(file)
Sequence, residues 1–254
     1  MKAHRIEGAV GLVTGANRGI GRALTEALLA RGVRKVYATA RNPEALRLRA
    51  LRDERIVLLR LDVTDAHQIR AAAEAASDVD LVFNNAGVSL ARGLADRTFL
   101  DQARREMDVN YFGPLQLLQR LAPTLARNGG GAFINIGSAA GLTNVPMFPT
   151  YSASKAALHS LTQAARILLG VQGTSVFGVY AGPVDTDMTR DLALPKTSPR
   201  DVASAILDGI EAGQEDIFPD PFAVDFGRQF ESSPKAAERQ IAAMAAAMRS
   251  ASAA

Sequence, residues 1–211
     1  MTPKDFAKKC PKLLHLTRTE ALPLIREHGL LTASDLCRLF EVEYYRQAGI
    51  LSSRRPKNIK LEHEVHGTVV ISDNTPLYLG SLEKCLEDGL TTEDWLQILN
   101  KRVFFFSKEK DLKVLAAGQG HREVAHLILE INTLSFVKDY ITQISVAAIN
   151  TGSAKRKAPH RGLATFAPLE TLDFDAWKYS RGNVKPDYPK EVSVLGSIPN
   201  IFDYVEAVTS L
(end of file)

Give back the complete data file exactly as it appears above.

Sequence, residues 1–254
     1  MKAHRIEGAV GLVTGANRGI GRALTEALLA RGVRKVYATA RNPEALRLRA
    51  LRDERIVLLR LDVTDAHQIR AAAEAASDVD LVFNNAGVSL ARGLADRTFL
   101  DQARREMDVN YFGPLQLLQR LAPTLARNGG GAFINIGSAA GLTNVPMFPT
   151  YSASKAALHS LTQAARILLG VQGTSVFGVY AGPVDTDMTR DLALPKTSPR
   201  DVASAILDGI EAGQEDIFPD PFAVDFGRQF ESSPKAAERQ IAAMAAAMRS
   251  ASAA

Sequence, residues 1–211
     1  MTPKDFAKKC PKLLHLTRTE ALPLIREHGL LTASDLCRLF EVEYYRQAGI
    51  LSSRRPKNIK LEHEVHGTVV ISDNTPLYLG SLEKCLEDGL TTEDWLQILN
   101  KRVFFFSKEK DLKVLAAGQG HREVAHLILE INTLSFVKDY ITQISVAAIN
   151  TGSAKRKAPH RGLATFAPLE TLDFDAWKYS RGNVKPDYPK EVSVLGSIPN
   201  IFDYVEAVTS L